A board of Army officers trying a finance sergeant for stealing £100,000 from the SAS have retired to deliberate.
Staff Sergeant Mark McKay, 35, of the Adjutant General's Corps (AGC), allegedly stole $200,000 from a cash office at the Hereford base of 22 Special Air Service (SAS), to whom he was attached when the elite unit deployed to the Gulf in February 2003 for the second Iraq war.
Father-of-two McKay denies stealing Ministry of Defence money, claiming he made the sum legitimately by running his own private tuck shop, selling alcohol, toiletries and even Viagra to the 5,000 US, 70 Australian and 200 UK troops at his base, in a country bordering Iraq which was not named in court.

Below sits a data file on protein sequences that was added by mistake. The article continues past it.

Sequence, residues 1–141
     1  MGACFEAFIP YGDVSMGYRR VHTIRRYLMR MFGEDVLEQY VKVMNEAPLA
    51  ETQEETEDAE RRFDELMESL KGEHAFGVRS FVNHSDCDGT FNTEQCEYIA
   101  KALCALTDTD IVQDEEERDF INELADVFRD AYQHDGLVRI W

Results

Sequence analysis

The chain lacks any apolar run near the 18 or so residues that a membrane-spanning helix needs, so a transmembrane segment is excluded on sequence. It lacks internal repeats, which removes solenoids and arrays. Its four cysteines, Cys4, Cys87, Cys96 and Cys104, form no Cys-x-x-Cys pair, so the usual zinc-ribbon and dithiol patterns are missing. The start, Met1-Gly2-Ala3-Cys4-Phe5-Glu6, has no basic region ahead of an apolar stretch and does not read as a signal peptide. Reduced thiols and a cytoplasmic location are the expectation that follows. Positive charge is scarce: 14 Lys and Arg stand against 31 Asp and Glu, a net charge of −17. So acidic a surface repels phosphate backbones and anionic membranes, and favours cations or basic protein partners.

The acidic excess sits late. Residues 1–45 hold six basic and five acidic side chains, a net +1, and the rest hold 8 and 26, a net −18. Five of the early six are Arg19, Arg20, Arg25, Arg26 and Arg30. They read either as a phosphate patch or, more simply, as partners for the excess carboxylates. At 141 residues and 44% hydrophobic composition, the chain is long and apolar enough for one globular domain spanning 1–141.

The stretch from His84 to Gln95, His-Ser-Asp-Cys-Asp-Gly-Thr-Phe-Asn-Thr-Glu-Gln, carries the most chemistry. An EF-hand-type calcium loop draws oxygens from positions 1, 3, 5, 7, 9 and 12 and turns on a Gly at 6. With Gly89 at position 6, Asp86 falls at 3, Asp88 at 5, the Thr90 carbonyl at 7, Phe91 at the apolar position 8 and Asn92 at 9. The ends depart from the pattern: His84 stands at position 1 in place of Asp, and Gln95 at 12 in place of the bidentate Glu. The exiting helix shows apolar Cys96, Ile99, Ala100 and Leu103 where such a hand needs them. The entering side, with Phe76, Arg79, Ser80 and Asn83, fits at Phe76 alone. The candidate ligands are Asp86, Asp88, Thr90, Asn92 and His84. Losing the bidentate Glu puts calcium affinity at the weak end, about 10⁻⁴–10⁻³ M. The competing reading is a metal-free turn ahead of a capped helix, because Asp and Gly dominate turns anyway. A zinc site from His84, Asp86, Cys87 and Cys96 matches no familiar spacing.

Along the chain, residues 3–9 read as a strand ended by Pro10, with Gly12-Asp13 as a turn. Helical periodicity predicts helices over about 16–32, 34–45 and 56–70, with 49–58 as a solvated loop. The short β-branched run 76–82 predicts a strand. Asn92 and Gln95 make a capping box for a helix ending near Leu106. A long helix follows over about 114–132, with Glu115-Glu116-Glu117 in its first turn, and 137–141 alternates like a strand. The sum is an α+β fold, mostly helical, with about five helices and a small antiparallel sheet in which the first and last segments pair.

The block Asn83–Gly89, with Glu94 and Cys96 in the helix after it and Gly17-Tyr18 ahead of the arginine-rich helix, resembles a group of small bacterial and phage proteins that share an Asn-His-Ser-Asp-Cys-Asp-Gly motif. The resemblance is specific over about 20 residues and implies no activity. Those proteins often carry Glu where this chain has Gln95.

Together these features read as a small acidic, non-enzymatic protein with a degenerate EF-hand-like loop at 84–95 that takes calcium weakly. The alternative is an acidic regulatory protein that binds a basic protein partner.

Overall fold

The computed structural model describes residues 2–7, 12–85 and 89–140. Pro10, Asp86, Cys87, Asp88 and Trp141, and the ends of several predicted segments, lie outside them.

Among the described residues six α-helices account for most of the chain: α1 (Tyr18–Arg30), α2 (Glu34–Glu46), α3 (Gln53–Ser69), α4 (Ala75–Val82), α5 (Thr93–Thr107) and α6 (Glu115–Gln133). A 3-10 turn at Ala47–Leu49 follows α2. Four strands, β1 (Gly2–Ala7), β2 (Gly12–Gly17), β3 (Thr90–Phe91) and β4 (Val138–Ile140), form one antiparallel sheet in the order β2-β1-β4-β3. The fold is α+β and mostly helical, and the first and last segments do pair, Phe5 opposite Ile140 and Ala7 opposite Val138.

The week-long trial at Bulford military court in Wiltshire heard how McKay's alleged dishonesty came to light in April 2006 when military police, acting on a tip-off, searched McKay's home in Ballykelly, Northern Ireland, where he was posted in July 2004 after leaving the SAS.
They found $200,000 in plastic bags in a terracotta plant pot outside McKay's front door, the court martial heard.
A board of five Army officers - the military equivalent of a jury - was sent out to deliberate at 12.25pm by Vice Judge Advocate General Michael Hunter